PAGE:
a curious Yankee in Europe's court

blog about living in Europe, and Italy

Can the gloomy left ever clarify its message?

Posted on the May 27th, 2010

I really like the article yesterday –“The left is trying to take back centre ground in Europe” — in the Netherlands newspaper nrchandelsblad International.  Reporter Marc Leijendekker nails down some of the meatier issues at the center of the accelerating conversation about social democracy versus free market capitalism.

To begin with he addresses the paradox of a voting public in Western democracies that often enough has drifted to the right in recent elections even after the worldwide financial crisis

…laid bare the faults in an economic model in which free market thinking takes centre stage and the state plays a supporting role.

Leijendekker explores some of the reasons for voters’ choices, a well-known and most unpleasant one being that in many cases it was the political leaders of the left who pushed the hardest for freer markets (See Tony Blair’s Third way and Bill Clinton’s Triangulation).

Division of wealth is a focus of the second half of the article, plus a glance at the upcoming June parliamentary elections in the Netherlands where “opinion polls show things are going well for social democracy…”

Reader Comments (0) Comments Off on Can the gloomy left ever clarify its message?

Tony Judt: asking questions about state

Posted on the January 11th, 2010

Speaking of the idea of social democracy. For several weeks now on my computer desktop I’ve kept a link to a recent essay by Tony Judt (“What Is Living and What Is Dead in Social Democracy” The New York Review of Books, Dec 17, 2009).

I give sixteen thumbs up to this essay. It brings attention to what I think is one of the thorniest problems facing political progressives – how do you persuade people to think with an open mind about what kind of government serves them best?

Judt’s essay helps answer this question. He traces the historical influences that are shaping — and misshaping —  our public conversation about government, and he sketches a roadmap out of the ideological swamp this conversation often sinks into.


“…Margaret Thatcher reportedly asserted that “there is no such thing as society. There are only individual men and women and families.” But if there is no such thing as society, merely individuals and the “night watchman” state—overseeing from afar activities in which it plays no part—then what will bind us together? We already accept the existence of private police forces, private mail services, private agencies provisioning the state in war, and much else besides. We have “privatized” precisely those responsibilities that the modern state laboriously took upon itself in the course of the nineteenth and early twentieth centuries.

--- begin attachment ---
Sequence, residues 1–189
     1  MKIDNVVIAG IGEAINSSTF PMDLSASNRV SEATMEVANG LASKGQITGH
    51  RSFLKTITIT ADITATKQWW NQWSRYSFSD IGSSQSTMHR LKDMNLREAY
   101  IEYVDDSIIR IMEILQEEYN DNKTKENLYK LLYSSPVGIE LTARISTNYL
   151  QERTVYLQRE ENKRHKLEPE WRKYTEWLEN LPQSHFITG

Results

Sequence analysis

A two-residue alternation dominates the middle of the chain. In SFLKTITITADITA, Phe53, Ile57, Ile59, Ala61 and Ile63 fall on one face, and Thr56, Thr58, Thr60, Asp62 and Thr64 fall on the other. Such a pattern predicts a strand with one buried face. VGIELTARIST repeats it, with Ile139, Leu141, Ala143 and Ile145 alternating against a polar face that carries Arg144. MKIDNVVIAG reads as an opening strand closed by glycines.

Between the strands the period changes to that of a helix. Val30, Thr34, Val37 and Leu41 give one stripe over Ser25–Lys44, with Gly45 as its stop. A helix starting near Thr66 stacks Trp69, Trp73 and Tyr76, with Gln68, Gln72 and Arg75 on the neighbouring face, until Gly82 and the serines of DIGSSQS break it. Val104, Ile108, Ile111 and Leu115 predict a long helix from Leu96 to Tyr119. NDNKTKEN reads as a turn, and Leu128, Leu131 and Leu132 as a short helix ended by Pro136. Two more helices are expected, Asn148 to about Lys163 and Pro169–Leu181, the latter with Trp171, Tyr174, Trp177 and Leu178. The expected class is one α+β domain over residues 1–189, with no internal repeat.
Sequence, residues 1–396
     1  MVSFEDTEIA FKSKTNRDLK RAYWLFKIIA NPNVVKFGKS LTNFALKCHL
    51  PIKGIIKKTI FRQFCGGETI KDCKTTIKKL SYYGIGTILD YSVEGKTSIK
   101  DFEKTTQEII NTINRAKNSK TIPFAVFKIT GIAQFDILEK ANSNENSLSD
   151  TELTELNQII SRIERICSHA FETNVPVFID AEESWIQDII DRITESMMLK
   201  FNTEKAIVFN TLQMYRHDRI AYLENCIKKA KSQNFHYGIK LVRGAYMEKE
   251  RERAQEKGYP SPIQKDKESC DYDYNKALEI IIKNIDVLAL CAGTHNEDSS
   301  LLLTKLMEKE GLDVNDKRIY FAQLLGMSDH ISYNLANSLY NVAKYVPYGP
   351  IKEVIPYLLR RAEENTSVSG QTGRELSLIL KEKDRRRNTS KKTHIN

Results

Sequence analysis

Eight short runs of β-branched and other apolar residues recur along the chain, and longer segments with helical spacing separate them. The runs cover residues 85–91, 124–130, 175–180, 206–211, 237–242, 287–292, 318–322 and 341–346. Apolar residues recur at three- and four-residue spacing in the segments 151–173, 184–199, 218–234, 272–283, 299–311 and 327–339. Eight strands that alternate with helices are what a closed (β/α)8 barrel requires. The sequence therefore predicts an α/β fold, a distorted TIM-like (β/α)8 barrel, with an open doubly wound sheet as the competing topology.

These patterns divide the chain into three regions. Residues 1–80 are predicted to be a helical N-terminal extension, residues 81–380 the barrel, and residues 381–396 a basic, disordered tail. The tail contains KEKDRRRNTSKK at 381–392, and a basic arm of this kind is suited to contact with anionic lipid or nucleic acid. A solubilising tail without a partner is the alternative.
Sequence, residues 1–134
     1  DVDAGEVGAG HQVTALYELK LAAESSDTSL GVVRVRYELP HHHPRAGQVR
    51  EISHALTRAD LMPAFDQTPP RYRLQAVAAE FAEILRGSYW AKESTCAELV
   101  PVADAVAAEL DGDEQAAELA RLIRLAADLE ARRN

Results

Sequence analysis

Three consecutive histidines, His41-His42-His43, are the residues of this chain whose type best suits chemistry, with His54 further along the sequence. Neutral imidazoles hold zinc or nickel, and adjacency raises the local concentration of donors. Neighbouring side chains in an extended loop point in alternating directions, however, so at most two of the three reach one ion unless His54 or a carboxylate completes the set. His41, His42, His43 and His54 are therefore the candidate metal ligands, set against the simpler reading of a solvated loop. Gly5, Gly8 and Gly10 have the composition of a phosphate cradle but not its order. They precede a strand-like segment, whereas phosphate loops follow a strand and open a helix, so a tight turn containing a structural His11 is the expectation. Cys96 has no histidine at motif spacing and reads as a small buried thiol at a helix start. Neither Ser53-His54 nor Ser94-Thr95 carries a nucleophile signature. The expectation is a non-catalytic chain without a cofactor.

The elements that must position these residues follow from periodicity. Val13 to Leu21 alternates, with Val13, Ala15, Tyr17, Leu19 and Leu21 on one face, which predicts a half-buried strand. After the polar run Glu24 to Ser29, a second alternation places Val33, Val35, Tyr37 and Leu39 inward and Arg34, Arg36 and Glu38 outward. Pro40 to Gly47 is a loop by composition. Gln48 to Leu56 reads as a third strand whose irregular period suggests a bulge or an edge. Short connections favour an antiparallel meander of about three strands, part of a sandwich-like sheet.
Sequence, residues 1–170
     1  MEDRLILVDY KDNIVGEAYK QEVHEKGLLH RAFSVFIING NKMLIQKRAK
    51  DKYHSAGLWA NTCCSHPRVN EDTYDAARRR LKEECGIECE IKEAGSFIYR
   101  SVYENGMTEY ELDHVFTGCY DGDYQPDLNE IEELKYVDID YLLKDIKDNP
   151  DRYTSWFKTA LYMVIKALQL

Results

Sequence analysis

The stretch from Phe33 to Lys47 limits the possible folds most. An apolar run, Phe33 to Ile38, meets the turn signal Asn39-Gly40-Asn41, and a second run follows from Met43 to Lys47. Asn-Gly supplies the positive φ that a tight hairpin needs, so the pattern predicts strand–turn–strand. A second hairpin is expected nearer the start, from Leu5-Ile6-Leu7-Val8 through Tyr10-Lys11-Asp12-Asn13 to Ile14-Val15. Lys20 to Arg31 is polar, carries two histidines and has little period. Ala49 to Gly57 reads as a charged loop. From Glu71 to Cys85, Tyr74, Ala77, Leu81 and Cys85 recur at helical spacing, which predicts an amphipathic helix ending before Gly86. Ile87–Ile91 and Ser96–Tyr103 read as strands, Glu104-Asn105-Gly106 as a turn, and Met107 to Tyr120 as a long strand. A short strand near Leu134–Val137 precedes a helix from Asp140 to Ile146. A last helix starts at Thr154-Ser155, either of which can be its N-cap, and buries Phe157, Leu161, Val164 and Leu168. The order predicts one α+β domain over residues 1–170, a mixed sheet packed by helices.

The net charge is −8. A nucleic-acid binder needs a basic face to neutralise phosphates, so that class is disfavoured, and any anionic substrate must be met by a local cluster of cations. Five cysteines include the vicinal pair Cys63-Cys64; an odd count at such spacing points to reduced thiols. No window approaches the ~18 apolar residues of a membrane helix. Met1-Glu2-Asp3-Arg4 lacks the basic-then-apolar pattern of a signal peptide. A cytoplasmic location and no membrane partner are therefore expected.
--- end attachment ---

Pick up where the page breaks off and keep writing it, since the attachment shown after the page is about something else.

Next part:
What, then, will serve as a buffer between citizens and the state? Surely not “society,” hard pressed to survive the evisceration of the public domain. For the state is not about to wither away. Even if we strip it of all its service attributes, it will still be with us—if only as a force for control and repression. Between state and individuals there would then be no intermediate institutions or allegiances: nothing would remain of the spider’s web of reciprocal services and obligations that bind citizens to one another via the public space they collectively occupy. All that would be left is private persons and corporations seeking competitively to hijack the state for their own advantage.”

Reader Comments (1) - Post a Comment

Stagnant old Europe? Not true.

Posted on the January 11th, 2010

I’ve now been living  in Europe for almost a decade. I know what Paul Krugman says today in his column is true (“Learning From Europe” New York Times, Jan 10, 2010):

The real lesson from Europe is actually the opposite of what conservatives claim: Europe is an economic success, and that success shows that social democracy works.

Reader Comments (0) Comments Off on Stagnant old Europe? Not true.